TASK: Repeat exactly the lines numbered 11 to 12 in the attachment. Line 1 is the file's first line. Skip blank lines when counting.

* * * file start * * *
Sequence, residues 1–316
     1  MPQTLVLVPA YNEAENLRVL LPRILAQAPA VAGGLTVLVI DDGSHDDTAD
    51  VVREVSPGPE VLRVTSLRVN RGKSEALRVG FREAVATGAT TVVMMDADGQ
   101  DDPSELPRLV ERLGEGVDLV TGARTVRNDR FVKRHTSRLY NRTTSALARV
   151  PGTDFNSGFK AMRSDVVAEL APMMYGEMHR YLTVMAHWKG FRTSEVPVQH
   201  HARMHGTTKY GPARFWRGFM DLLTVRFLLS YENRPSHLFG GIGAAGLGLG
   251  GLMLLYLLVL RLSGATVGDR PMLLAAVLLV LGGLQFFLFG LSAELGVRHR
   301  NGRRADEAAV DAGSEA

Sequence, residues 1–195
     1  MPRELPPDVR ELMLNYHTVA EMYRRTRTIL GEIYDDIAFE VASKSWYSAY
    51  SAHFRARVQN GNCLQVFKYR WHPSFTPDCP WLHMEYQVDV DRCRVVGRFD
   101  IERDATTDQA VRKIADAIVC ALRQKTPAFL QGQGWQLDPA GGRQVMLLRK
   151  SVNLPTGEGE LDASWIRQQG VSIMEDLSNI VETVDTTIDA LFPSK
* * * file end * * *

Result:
    51  SAHFRARVQN GNCLQVFKYR WHPSFTPDCP WLHMEYQVDV DRCRVVGRFD
   101  IERDATTDQA VRKIADAIVC ALRQKTPAFL QGQGWQLDPA GGRQVMLLRK